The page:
With the rise of e-commerce, more brands are forgoing traditional real estate in favor of web-based tools for selling their products. But real-life shopping certainly isn’t dead, and a physical space can be a great way to introduce your product to potential customers. That’s why many brands are now taking the pop-up approaching, using temporary real estate to introduce their brands IRL without the expensive build-out and retail maintenance costs. Thinking about your own pop-up food or beverage event? Here’s what you need to know.

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Why pop-up?

If you’re still not sold on the concept, we don’t blame you! Pop-ups are a relatively new retail concept. But their popularity is growing for a reason. Temporary retail spaces are far cheaper than building out a traditional location, And they can help you achieve certain goals, like gathering audience data and building brand awareness, that are key to a successful business strategy.

Here are some reasons why a pop-up might be perfect for you:

  • Lower overhead costs
  • Creates buzz for new product launches
  • Builds brand awareness and goodwill
  • Unique partnership opportunities

Finding a Space & Budgeting

If you’ve never dabbled in commercial real estate, don’t be overwhelmed by the thought of finding a pop-up space. There are plenty of companies designed to help you find traditional temporary retail space, like Storefront, Uppercase, Appear Here, and PeerSpace.

Need a space for a ready-to-eat pop-up? Then you know a retail space isn’t going to cut it. This is when the food entrepreneur has to get creative. Finding spare kitchen and serving space together isn’t easy, and even the nicest friend may not be likely to give you their restaurant for the night. That’s when non-traditional spaces like food halls, specialty grocers, delis, or a hot-held setup can come in handy. Can you rent a cart to sell scoops of ice cream out of, and set up inside a partner storefront? Can you utilize a galley kitchen inside of an existing food business for a creative limited menu?

While the cost of your pop-up is highly dependent on the location, type of space, and richness of experience, you can count on the following expenses:

  • Rent / utilities / deposit / licensing fees / insurance
  • POS / processing fees
  • Furniture / merchandising fixtures (which are rentable!)
  • COGS
  • Marketing (paid and organic social media, physical assets, influencer or event partnerships, advertising)


Your pop-up isn’t going to sell itself, unfortunately. But with the right marketing strategy, you can entice customers both existing and new. Here are a few methods to start with:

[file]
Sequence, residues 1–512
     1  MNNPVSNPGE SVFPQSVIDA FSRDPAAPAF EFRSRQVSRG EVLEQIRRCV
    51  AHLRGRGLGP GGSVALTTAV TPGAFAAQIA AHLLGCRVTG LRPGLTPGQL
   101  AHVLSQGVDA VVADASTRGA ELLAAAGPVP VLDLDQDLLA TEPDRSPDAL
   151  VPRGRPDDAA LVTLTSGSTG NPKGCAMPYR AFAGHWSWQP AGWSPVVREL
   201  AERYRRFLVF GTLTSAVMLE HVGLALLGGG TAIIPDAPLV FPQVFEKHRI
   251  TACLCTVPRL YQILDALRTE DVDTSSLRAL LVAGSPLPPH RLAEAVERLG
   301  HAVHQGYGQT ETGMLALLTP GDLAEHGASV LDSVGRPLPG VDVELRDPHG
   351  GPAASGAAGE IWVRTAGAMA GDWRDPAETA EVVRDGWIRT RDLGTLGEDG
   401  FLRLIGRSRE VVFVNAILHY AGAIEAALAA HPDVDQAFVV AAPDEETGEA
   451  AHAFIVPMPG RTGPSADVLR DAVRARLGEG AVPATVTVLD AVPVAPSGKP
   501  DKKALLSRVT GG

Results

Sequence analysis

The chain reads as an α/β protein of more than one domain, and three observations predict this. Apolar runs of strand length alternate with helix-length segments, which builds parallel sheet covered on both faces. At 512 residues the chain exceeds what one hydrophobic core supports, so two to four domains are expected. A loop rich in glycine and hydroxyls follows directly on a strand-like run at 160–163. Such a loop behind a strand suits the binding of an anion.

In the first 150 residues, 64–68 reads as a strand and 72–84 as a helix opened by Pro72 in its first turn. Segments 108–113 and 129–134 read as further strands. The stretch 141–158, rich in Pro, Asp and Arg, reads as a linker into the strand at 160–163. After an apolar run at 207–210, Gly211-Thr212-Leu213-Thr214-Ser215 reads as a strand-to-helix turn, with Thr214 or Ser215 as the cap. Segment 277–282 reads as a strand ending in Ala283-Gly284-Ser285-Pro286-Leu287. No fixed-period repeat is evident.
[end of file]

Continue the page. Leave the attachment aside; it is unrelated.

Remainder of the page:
• A PR push! Let local news outlets know about your pop-up (as far in advance as you can!). Give them a clear set of reasons why their readers will be interested, and create a press release if needed.
  • Social media. Utilize your existing accounts to promote your pop-up food event, but if it makes sense, you can even create brand-new accounts that will make your pop-up feel special and unique. A great recent example is Popup Grocer in NYC – their feed is well branded, informative, and buzz-y.
  • Work with influencers. Even the smallest town has a food blogger these days, and you should make sure you’ve personally invited anyone who has a prominent following that includes your audience.
  • Maximize your foot traffic. Put up posters in the area in advance of your event, and create great signage that will direct potential customers to your spot. Many entrepreneurs neglect physical marketing because they are an online-focused brand, but foot traffic is one perk of physical space that you absolutely must optimize.


If executed poorly, a pop-up food event is a great way to waste a lot of time and money. But if your objectives are clear and your team is on the same page, you’ll be set up for success. Here are a few tips:

  • Create and share goals. Is your pop-up designed to drive sales, or build brand awareness? Even if you have multiple goals, your team should be operating with a shared understand of what you want out of the event – and how to measure whether you obtained it. Use metrics like visitors, social media shares, sales, and media hits to determine whether you’ve succeeded.
  • Create a run-of-show. Even if your pop-up is just a few hours long, you should know how long everything will take: setup, breakdown, product execution, line time, and more.
  • Do a dry run. Utilize friends and family for a dry run of your event that will allow you to visualize bottlenecks and other challenges. Don’t get stuck on game day with endless wait times because you didn’t realize you were missing a key piece of equipment.

A pop-up food space can be a perfect way to showcase your brand and increase your sales. Now that you’ve read up on best practices for your next pop-up, go get started. And let us know how it goes – we love to hear about foodpreneurs in the field!

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